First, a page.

Utilizing Therapy To Improve Postpartum Depression: A Review Of The Literature

Medically reviewed by Corey Pitts, MA, LCMHC, LCAS, CCS
Updated April 24, 2024by BetterHelp Editorial Team

Pregnancy, childbirth, and parenthood can bring about an array of emotions such as joy, fear, anxiety, or dejection. Although, new parents may also experience short-term mood disorder like sadness, crying, irritability, and anxiety. Such symptoms often resolve within five days; however, if they persist or worsen, it may be an indication of postpartum depression, a critical mental health condition that requires attention from health care professionals. 

Do the challenges of a new baby feel overwhelming?

What is postpartum depression? 

Postpartum depression is a form of depression outlined in the DSM-5. It is a severe mental health condition that can feel devastating for those impacted and is more than "baby blues." Common symptoms of postpartum depression can include: 

  • Difficulty bonding with your newborn
  • Intense irritability and anger
  • Feeling restless or moody
  • Low motivation or energy
  • Thoughts of hurting the baby or yourself
  • Feelings of hopelessness, shame, or guilt

Postpartum depression is a type of mood disorder that can affect mothers during the first year after giving birth. It can make it difficult to care for yourself and your baby. Although those with a history of clinical depression may be at higher risk, postpartum depression can also occur in women without any previous history of depression. Individual therapy sessions can provide effective treatment options.

Complications during birth, like stillbirth, premature birth, or birth trauma, may increase the risk of postpartum depression. However, postpartum depression isn't limited to birthing parents or any particular gender, sexuality, or background. Adoptive parents, non-birthing parents, and foster parents may also experience postpartum depression. It is essential to seek help from healthcare professionals and licensed therapists who offer family therapy for effective treatment options.

If you are experiencing thoughts or urges of suicide, call the National Suicide Prevention Lifeline at 1-800-273-TALK (8255) or text 988 to talk to someone over SMS. They are available 24/7 to offer support. 

Internet‐based interventions for postpartum depression

Treatment for postpartum depression typically involves a combination of talk therapy, medication management, and support from family and friends. The best online therapy options provide messaging and live therapy sessions with your own therapist, making it easier to get treatment, even for those without an insurance provider. Online postpartum therapy is a convenient solution for new parents who may find it challenging to seek support in person while caring for an infant. In some cases, online therapists can even prescribe medication* to help manage symptoms. 

The best online counseling options can typically bypass hurdles such as scheduling conflicts, distance, and a lack of transportation. Online therapy can also be more cost-effective than traditional therapy, as traditional therapy often costs around $100-$200 per session (even with health insurance). In the long run, neglecting to seek treatment for postpartum depression may cost more than a therapist. Reaching out for support can be brave.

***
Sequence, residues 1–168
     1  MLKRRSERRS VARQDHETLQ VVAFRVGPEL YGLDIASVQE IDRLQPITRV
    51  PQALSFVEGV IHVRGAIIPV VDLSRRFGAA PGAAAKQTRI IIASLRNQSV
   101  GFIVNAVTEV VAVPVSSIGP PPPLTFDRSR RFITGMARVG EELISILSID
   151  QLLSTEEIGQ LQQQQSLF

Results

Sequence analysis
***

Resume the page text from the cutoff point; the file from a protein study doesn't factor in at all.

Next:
Researchers in China sought to analyze the effectiveness of online counseling and interventions in decreasing postpartum depression by examining information from previously published studies. The following summary details their methods and results from the meta-analysis of seven studies on internet-based counseling for postpartum depression.

*It is important to note that BetterHelp's therapists cannot prescribe medication as they are not medical doctors. For assistance with medication management, it’s recommended that you speak with a health care provider.

Included studies

Researchers retrieved 34 full-text articles to assess whether they met inclusion criteria, which were as follows:

  • Included adult pregnant parents over 18 
  • Used an intervention provided by email, phone, Skype, or a website
  • Used a waitlist or traditional in-person treatment for the control group
  • Measured outcomes focused on postpartum depression
  • Were a randomized control trial

Ultimately, seven studies published between 2008-2018 were examined in the meta-analysis, including information about 2,277 parents organized from research in Australia, Sweden, the US, Canada, and the UK.

Although the inclusion criteria narrowed the studies' parameters, they still had varied characteristics. Six studies followed up with participants 10 to 17 weeks after the intervention, but one followed up six months postpartum. The studies used a total of five different assessments to measure postpartum depression.



The outcome of all seven studies was described in one of two ways in the meta-analysis. After completing the intervention, the researchers noted whether the participants still fit the diagnostic criteria for postpartum depression. They used statistical analysis software to dive deeper into the studies, looking at the following aspects:

  • Was cognitive behavioral therapy or behavioral action utilized?  
  • Did they offer less than eight sessions or eight or more?
  • Did participants have therapist support or not?


The online interventions produced a moderate effect in eliminating postpartum depression. In almost every study included in the analysis, participants in the intervention group showed improvement compared to those in the control group. In six of the studies, postpartum depression symptoms decreased significantly. The remaining study, which used mood management internet intervention, demonstrated that the intervention significantly lowered the risk of postpartum for parents with the most severe symptoms.

The most influential studies had the following characteristics:

  • Followed up for over 12 weeks after the intervention
  • Utilized cognitive-behavioral therapy interventions
  • Included eight or more sessions
  • Offered exclusive therapist support

The research in summary

Researchers continue to examine the efficacy of treating postpartum depression using online interventions, and a meta-analysis was performed on seven studies completed between 2008-2018. The analysis revealed a moderate effect size of 0.642, which means that the interventions effectively reduced symptoms of postpartum depression. In six of the seven studies, symptoms decreased significantly for parents receiving the intervention.

Future research

While online counseling offers several benefits, it may be easier for participants to stop attending sessions without a degree of accountability. In the seven meta-analysis studies, the percentage of participants who didn't follow through from beginning to end ranged from 0% to 87.1%. Future research can examine strategies to encourage follow-throughs, such as phone calls and website contact systems.